Jader Perez brought a whole gym full of people to their feet in a spontaneous standing ovation Friday.
Jader is a maintenance worker at Mount Mercy University. He spoke on behalf of staff at the inauguration of President Laurie Hamen, who began work in February, but was officially and ceremoniously installed in office during the Friday festivities that fittingly also capped Mercy and Mission Week.
An inaugural ceremony is usually full of applause anyway. But, I think Jader surprised himself and everyone else when his, one of a long line of “charges” to the new president, brought an intense reaction. You see, Jader first came to MMU as a student and to play baseball. But marriage, family—in short, life—got in the way and he dropped out. He continued working at the university as a custodian, but his mother asked him to promise her that he would someday go back and finish his college degree.
After several years, Jader began attending classes again, this time in the “Advance” evening program, designed for working adults. And “someday” finally came this summer, with Jader earning his business bachelor’s degree.
His mother didn’t live to see it. He choked up a bit during his speech as he said that, but he noted that he still knows she is proud of him. He finished his charge to the president and walked back to his seat—and we all sprang to our feet with a spontaneous and enthusiastic ovation.
Jader showed his appreciation by looking down and patting his heart. It was indeed a heartwarming speech.
President Hamen, as would be expected, made extensive remarks. Her focus was on “courage” as she reminded the audience of the history of the Sisters of Mercy and the founding of Mount Mercy.
“These sisters were classic courageous entrepreneurs,” she noted. “The times were not good in 1928 for opening a college out of their little academy—as the Great Depression was already foreshadowed.”
Just as the sisters found a road forward in those harsh times and Mount Mercy grew and changed, it faces uncertain times again today. But Hamen reminded the audience that the education of the whole person—the growing of souls—is part of MMU’s continuing mission and reason it is still relevant. She referred to a recent book about the problem of this country’s elite colleges focusing too much on knowledge and skills and not enough on the whole person.
“Developing talent without the courage to build an integrated life prepares excellent sheep,” she said. “Followers, not leaders. Mount Mercy’s faculty and staff will have none of simply grooming students for success at work or learning isolated concepts without preparing students for such a purposeful life.”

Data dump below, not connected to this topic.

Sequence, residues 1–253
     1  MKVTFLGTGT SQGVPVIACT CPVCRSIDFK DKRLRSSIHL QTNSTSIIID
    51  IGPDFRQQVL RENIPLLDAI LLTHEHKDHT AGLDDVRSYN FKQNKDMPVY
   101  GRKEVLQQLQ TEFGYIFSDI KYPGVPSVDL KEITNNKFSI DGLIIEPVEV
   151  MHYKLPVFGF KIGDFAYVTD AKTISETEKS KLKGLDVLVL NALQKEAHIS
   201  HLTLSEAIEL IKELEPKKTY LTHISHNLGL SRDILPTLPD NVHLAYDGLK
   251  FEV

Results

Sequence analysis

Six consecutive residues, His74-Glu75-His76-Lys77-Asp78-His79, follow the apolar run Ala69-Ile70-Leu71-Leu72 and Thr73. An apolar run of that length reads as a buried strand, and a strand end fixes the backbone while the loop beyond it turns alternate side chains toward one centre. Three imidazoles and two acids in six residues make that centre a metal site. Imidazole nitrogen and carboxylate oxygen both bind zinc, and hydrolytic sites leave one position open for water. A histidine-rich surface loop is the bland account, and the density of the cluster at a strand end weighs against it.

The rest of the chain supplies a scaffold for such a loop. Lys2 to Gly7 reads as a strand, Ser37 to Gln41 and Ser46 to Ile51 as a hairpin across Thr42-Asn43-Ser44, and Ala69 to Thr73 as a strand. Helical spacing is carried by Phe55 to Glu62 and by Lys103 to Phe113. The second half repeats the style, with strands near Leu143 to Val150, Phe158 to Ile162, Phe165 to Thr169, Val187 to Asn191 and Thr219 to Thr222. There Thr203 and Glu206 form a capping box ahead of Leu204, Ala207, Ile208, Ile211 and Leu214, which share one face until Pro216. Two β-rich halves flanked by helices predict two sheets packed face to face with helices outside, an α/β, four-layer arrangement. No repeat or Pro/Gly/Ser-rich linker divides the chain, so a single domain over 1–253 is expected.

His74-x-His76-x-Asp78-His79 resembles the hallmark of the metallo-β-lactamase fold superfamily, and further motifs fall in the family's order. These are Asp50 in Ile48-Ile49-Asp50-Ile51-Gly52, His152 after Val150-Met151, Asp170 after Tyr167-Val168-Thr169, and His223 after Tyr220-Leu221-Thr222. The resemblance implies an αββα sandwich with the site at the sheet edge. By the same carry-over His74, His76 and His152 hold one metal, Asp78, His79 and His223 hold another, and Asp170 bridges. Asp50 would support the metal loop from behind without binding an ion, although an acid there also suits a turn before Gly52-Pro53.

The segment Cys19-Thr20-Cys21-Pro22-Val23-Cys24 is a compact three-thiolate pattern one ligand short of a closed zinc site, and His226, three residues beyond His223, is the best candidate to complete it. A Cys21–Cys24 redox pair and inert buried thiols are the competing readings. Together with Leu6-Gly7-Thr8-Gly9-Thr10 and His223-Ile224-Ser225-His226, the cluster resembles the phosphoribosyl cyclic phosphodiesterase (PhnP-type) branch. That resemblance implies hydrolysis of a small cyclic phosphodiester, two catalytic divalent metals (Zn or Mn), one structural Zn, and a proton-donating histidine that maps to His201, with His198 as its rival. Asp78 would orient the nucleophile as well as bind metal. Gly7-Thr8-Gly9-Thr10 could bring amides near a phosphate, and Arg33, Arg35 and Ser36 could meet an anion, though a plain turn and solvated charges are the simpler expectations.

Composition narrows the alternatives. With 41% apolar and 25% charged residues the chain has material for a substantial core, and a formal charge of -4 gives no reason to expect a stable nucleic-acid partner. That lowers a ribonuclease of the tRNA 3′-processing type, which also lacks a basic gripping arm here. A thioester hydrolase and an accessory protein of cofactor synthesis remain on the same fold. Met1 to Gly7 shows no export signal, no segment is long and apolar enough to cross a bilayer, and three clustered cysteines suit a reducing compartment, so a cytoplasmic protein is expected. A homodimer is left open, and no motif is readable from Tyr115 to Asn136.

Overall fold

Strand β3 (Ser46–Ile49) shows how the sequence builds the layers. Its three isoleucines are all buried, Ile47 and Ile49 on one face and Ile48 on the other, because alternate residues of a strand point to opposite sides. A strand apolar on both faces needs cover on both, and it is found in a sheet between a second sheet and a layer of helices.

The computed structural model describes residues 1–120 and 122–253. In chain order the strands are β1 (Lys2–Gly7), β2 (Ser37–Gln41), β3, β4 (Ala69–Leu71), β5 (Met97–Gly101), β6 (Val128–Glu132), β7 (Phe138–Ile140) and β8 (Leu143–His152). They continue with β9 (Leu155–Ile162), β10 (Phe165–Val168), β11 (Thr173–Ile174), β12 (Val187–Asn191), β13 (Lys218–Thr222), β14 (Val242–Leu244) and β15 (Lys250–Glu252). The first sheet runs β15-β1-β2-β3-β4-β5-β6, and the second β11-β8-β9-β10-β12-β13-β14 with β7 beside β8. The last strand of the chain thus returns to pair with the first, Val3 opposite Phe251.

As Hamen drew to a close, she compared Mount Mercy now to when it was founded.
“Our first president, Sister Mary Ildephonse Holland, started with 21 undergraduate students in 1928 and one building. We start with nearly 1,800, two locations, residence halls and neighborhoods full of undergraduate students but also many non-traditional adults and graduate students. But the courageous heart of Mount Mercy is still the same.”
It was a fine, inspiring speech, delivered well despite the heat in the gym that also made it a perspiring speech.
I was feeling pretty good and I still do. But that feeling was slightly muted when the next event happened. My newspaper arrived on my doorstep Saturday.
On an inside page, under a nice photo of our new president, a Gazette reporter took 435 words to describe the inauguration. Except, to a large extent, the reporter didn’t actually cover the here and now—The Gazette was stuck 16 months in the past.
Of those 435 words, 205 were devoted to a rehash of the end of the previous president’s term. For another measure of the strange balance in the story, out of 13 paragraphs, fully six were centered on the subjects “Blake,” the previous president; or “Graham,” the previous provost.
Now, I suppose the Gazette can be grumpy about the full story of a change in leadership not being told by MMU. But, it was 16 months ago. Children born then can walk and talk now. The extensive focus on the past was odd.
It’s not the only odd reporting I’ve observed in The Gazette recently. On Sept. 16, it reported on fall enrollments at area colleges. That story was 25 paragraphs long. Paragraphs one through four were about Coe College, enrollment 1,340. Paragraphs five through seven were a roundup of various colleges. Paragraphs eight through 16 again centered on Coe. And finally, paragraphs 17 through 23—seven buried paragraphs in 25—described enrollment at Mount Mercy, with 1,762 students. Cornell, a college in Mount Vernon, got paragraphs 24 and 25.
Coe had record enrollment and MMU didn’t. But then again, why does the college with 1,340 students rate so much more space and attention than the university with 1,762 students? We’ve been bigger then Coe for a number of years, but it feels like The Gazette sometimes thinks of Mount Mercy as an afterthought. And when it does think of us, it sometimes would rather focus on its archives then cover what is happening now.
Mentioning Blake and Graham in the story of Hamen’s inauguration—and noting the cloudy circumstances under which both left simultaneously in 2013? That was factual, understandable and fair.
What’s odd is the focus—almost half of the story—on the rehash.